A simple, seasonal, and flavorful dessert. While the macerated figs add a beautiful color, flavor and texture, the rum or brandy takes the dish to the next level. Inspired by How to Pick a Peach. Serves 2.
What you need:
- 2 or 3 fresh, locally grown Black Mission Figs, quartered or more lengthwise
- Brown sugar, for sprinkling
- Vanilla Bean Gelato
- 2 tsp. rum or brandy
Directions: Add sliced figs to a bowl and lightly sprinkle with a little brown sugar, just a few pinches. Gently stir once or twice, then allow the figs to sit and macerate for about 5 minutes.
Scoop desired amount of gelato into two serving dishes. Top with figs and drizzle with rum or brandy. Serve immediately.
Frangelico Figs with Creamy Blue Cheese and Toasted Hazelnuts
Frangelico is a hazelnut liqueur that is not overly sweet like some dessert liqueurs. It pairs deliciously with the salty cheese, adding to the silky texture and natural sweetness of figs. This comes together in minutes, yet is still impressive, even with minimal ingredients. Recipe from Luisa Ormonde of Luisa’s Catering in San Carlos. Makes 16 pieces.
- 1 cup Frangelico or other hazelnut liqueur
- 8 fresh figs, such as locally grown Black Mission figs, stems removed, cut in half lengthwise
- 8 oz. Montbriac cheese, at room temperature, cut or crumbled into at least 8 equal pieces (there will be more if using crumbled); Cheese substitutes: use Cambozola or Le Petit Bleu
- 3/4 cup hazelnuts, toasted and coarsely chopped
Directions: In a sauté or saucepan just large enough to hold the figs in one layer, bring the Frangelico to a boil, then turn the heat to medium-low. Add the figs, cut side down, and cook for 5 minutes, or until they begin to feel soft but not squishy.
Reserving the liquid, use a slotted spoon to remove the figs. Arrange figs on a serving tray, cut side up, and immediately top with the cheese (so it will begin to melt).
Meanwhile, increase the heat of the reserved liquid to high. Reduce the liqueur until it is a syrupy consistency, about 1 to 2 minutes. Watch carefully to make sure it doesn’t burn.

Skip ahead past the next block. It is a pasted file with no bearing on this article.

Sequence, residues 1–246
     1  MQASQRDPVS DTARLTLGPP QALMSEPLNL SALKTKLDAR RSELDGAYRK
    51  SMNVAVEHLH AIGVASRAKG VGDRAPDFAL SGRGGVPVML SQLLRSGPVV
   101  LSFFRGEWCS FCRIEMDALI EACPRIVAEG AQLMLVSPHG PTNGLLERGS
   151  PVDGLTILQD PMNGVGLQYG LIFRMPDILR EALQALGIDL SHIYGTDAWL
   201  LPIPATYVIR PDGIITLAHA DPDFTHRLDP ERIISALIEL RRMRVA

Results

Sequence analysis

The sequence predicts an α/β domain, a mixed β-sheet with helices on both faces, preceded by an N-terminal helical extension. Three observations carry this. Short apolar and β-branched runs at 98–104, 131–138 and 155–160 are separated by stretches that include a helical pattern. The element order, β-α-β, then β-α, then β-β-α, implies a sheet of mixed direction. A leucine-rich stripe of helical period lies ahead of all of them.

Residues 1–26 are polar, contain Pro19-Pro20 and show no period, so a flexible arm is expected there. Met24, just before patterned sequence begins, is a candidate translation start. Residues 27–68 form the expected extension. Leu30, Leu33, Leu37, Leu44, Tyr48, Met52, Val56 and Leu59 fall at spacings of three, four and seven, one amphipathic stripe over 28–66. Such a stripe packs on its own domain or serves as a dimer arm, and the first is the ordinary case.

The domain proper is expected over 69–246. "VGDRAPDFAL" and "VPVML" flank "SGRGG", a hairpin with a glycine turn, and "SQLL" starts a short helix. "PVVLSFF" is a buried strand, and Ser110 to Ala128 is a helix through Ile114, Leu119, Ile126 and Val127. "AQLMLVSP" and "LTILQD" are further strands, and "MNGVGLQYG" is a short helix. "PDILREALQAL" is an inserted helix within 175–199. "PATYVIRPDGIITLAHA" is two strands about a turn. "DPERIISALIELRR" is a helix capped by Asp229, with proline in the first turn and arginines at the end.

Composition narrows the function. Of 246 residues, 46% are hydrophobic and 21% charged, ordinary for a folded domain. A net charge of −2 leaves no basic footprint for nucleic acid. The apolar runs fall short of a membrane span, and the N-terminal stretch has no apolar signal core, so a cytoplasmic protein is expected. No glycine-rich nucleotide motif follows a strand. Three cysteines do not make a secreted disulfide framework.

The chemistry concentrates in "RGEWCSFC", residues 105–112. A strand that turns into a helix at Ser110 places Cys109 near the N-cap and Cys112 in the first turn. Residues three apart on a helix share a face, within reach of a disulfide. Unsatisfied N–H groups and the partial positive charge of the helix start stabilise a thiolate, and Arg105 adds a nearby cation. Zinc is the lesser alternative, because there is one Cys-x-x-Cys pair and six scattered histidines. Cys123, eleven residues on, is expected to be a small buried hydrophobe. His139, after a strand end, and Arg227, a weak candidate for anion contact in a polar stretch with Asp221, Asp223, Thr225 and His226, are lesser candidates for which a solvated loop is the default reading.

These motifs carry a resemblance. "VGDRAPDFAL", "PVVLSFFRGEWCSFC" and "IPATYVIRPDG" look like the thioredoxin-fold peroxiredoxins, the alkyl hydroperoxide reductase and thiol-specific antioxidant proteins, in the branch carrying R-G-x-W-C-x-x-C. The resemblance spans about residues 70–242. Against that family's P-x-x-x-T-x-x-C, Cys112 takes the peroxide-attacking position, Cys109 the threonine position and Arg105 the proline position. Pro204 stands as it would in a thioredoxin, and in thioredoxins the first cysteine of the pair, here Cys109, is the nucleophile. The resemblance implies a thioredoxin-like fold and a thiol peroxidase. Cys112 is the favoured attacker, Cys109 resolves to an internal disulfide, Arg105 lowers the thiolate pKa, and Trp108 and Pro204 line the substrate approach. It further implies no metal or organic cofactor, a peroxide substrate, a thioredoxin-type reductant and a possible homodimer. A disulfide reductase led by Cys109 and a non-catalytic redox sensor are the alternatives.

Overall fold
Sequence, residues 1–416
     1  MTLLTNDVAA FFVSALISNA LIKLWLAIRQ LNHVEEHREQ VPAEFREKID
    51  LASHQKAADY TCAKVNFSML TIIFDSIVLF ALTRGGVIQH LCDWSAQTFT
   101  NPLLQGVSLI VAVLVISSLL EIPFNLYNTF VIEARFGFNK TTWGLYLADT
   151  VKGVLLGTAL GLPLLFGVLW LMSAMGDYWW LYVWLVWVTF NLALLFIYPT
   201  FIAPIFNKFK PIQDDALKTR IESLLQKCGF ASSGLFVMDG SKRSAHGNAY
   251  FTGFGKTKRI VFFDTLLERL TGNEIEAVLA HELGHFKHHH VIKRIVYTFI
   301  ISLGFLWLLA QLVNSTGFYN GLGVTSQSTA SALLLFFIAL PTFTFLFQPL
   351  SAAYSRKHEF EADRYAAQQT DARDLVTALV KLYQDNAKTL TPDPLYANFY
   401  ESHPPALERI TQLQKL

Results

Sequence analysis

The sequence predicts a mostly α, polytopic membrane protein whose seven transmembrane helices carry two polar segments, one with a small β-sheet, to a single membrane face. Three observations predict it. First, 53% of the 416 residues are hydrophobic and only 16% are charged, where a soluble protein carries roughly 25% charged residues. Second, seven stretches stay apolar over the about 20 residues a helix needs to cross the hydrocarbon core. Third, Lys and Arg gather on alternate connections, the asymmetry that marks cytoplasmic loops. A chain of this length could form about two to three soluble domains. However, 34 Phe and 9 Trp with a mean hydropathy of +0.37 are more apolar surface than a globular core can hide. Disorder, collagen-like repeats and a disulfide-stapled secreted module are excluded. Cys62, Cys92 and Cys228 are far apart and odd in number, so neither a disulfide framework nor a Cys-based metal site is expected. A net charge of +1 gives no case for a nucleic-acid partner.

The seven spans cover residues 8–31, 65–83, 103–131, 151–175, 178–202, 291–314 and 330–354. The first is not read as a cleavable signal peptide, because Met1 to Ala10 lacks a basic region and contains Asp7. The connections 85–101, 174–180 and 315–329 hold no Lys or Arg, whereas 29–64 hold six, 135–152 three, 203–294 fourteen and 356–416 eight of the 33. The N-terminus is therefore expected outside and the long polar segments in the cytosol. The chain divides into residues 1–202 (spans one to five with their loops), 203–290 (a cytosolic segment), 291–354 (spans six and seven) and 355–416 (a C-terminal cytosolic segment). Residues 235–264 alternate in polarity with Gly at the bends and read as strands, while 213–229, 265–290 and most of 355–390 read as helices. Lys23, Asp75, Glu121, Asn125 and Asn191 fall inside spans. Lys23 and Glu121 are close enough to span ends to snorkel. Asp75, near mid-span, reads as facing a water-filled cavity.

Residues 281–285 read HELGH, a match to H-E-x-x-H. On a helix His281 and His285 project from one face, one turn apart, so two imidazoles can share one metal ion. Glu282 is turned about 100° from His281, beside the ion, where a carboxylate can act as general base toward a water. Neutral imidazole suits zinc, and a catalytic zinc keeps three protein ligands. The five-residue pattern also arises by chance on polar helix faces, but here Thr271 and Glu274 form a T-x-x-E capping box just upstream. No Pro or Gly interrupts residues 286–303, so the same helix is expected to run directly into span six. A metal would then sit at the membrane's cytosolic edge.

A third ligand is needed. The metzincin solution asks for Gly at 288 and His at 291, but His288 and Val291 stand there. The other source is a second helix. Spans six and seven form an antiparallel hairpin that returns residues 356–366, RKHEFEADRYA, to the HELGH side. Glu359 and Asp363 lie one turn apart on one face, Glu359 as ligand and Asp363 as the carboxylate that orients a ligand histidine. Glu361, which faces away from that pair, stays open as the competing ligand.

Sprinkle the hazelnuts over the figs and drizzle the Frangelico reduction on top. Serve right away.
Build Your Own Cheese or Charcuterie Board with Fresh Figs, Cheeses, Chutney, and Cured Meats
The beauty of a cheeseboard or charcuterie platter is that you can add or take away any ingredients you want, however it suits your palate or the season. Fresh figs are a delicious indulgence as summer comes to an end, so eat up while you can!
- Fresh black mission figs, halved and whole
- Brie, sliced
- A savory chutney or quince paste
- Cubed or sliced hard and soft cheeses, such as Gouda, Brie, Cheddars, Blues, goat cheese, Swiss, or Gruyere
- Cured meats such as salami and prosciutto
- Dried fruits, such as Blenheim apricots, cranberries, apple rings
- Nuts, such as pistachios, pecans (flavored or plain), almonds (flavored or plain)
- Fresh fruits, such as grapes, apples, berries
- Crackers, plain or seasoned, such as Rustic Bakery Artisan Crisps or Flatbreads, Carr’s Crackers, Bruschettini, or Crunchmaster Multi-Seed crackers.
- Sweet or savory tea biscuits, such as Elegant & English Artisan Biscuits
- Olives or other marinated options from Sigona’s Olive Bar
Directions: Arrange the ingredients on a platter in an appealing way, positioning similar items across from each other instead of directly next to each other. Enjoy!